Calm water, colorful huts and historic sea baths make this suburban beach a relaxing and stylish escape from Melbourne’s inner-city bustle. Situated in one of Melbourne’s wealthiest suburbs, Brighton Beach refers to three different sections of beach along Port Phillip Bay: Upper Brighton Beach, Middle Brighton Beach and Dendy Street Beach. Middle Brighton features historic sea baths and the Middle Brighton Pier. The most famous spot is undoubtedly Dendy Street Beach, which is home to a line of more than 80 colorful beach huts, Brighton’s famous “bathing boxes.” The beaches of Brighton generally have very calm water and are patrolled by lifeguards, which make them a safe place to swim. Just inland from the beaches there are plenty of grassy foreshore reserves to have a picnic, kick a ball or relax. Pull on your running shoes or bike helmet; separate walking and cycling paths run the length of Port Phillip Bay and provide great vistas of the bay and city skyline. Be sure to pack a hat, sunscreen and to drink plenty of water when in the sun. Brighton Beach is about a 30-minute drive from downtown Melbourne and there’s a parking lot nearby.
Catch a wave against the backdrop of ancient pink granite at Cape Woolamai, Phillip Island’s highest point and one of Victoria’s most popular surfing beaches. Walk along the golden, sweeping beaches at any time of the year. Follow one of the four coastal walking track loops at Cape Woolamai and stop at viewing platforms to take in breathtaking views of the Pinnacles. Witness the magical dusk descent of the short-tailed shearwaters (mutton birds) as they return from a day of fishing to the place they call home between late September and mid-April. Take advantage of Bass Strait and surf one of the best beach breaks in the country. You can rent bicycles and cycle from the tourist road down to the beach. There is a great patrolled area for kids to swim.
Ninety Mile Beach
Ninety Mile Beach is a 90-mile long stretch of pristine golden sand that separates the Gippsland Lakes from Bass Strait. This is one of the most natural and unspoiled beaches in the world and is ideal for any number of beach activities from beach fishing and swimming to walking, whale and dolphin-spotting or just lazing in the sun. The beach lies on the edge of a long slender sand dune and the absence of rocky outcrops or headlands results in a vista of endless sand that stretches as far as the eye can see. Offshore, the sandy plains are only occasionally broken by low ribbons of reef. The beach can be reached from the South Gippsland Highway via the towns of Woodside Beach, Seaspray, Golden Beach or Loch Sport and Lakes Entrance. Ninety Mile Beach is unspoiled and offers clean white sand, wonderful crashing waves and a natural bush environment. A beach wheelchair is available from the Lakes Entrance Main Beach and Surf Lifesaving Club. A kiosk and accessible toilets are available at the Surf Club. A beach wheelchair is also available from the Seaspray Surf Life Saving Club throughout January, and on weekends and public holidays.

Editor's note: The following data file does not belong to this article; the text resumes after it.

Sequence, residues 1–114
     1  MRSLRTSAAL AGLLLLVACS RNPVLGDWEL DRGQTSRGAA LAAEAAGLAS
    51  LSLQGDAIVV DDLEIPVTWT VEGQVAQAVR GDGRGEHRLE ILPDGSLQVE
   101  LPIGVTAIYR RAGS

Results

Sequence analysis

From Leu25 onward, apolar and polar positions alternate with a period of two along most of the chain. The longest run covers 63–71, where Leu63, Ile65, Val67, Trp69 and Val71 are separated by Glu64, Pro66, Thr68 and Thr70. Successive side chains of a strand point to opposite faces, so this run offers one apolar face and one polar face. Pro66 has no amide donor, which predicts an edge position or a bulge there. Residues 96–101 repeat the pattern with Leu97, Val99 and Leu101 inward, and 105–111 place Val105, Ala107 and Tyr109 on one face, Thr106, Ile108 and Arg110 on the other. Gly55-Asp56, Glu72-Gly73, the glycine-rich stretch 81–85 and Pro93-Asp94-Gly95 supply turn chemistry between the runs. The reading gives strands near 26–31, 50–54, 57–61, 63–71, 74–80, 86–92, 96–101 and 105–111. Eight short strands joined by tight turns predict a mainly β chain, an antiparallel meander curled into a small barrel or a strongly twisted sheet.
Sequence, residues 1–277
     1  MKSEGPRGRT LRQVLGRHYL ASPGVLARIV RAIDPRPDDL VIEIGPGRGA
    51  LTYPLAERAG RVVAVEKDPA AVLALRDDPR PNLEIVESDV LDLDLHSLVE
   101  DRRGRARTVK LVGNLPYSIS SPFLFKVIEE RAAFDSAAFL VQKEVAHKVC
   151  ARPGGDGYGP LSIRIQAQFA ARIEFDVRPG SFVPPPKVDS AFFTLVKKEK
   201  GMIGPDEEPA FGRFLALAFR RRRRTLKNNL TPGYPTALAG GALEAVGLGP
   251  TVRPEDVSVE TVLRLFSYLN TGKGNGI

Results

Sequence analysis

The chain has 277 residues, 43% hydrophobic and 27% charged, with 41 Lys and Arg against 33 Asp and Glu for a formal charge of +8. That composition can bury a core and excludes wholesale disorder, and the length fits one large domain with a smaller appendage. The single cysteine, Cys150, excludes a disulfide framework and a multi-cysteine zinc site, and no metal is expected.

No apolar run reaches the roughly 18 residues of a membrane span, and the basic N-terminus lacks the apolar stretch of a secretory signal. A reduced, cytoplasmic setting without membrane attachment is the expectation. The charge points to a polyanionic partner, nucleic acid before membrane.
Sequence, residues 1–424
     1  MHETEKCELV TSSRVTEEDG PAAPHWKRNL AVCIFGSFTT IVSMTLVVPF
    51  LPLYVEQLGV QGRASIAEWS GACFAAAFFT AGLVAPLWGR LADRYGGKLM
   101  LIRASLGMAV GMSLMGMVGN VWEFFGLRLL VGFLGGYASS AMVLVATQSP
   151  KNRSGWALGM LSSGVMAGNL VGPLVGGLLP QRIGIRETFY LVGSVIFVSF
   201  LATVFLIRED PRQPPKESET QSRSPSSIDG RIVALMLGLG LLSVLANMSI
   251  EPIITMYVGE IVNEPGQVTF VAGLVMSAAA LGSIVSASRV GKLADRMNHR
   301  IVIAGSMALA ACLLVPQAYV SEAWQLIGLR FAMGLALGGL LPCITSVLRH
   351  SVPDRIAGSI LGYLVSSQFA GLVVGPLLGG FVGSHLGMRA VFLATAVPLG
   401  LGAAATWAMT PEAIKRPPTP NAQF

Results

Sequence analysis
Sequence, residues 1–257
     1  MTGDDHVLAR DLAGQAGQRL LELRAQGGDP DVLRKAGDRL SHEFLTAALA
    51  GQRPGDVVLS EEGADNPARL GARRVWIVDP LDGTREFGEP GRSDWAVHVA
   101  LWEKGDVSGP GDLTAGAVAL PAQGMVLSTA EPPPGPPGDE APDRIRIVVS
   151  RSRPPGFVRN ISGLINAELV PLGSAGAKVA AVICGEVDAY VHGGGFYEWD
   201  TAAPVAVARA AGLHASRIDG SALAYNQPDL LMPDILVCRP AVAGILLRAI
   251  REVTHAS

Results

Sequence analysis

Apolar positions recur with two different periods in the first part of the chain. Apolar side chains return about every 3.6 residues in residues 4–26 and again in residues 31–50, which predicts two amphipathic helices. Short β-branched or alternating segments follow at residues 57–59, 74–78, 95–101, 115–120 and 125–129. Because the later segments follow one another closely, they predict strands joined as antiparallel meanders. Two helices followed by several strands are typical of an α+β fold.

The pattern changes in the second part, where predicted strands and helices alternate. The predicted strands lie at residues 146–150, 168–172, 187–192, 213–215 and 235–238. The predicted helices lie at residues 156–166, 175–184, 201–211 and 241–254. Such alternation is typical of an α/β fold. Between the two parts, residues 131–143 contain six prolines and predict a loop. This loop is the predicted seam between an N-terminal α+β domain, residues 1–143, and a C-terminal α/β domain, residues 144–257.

St. Kilda Beach
Summer isn’t summer until you’ve spent a day by the seaside at St Kilda Beach, a short tram ride from the CBD. The foreshore is a hive of activity as walkers, joggers and rollerbladers race by, while kite surfers, windsurfers and all-weather swimmers make the waters their playground. In St Kilda style there plenty of opportunity for refreshments, whether at the end of the iconic pier or in the bars and restaurants of the St Kilda Sea Baths. For an unforgettable brush with wildlife, head to the breakwater to see the resident population of little penguins burrowing in the rocks.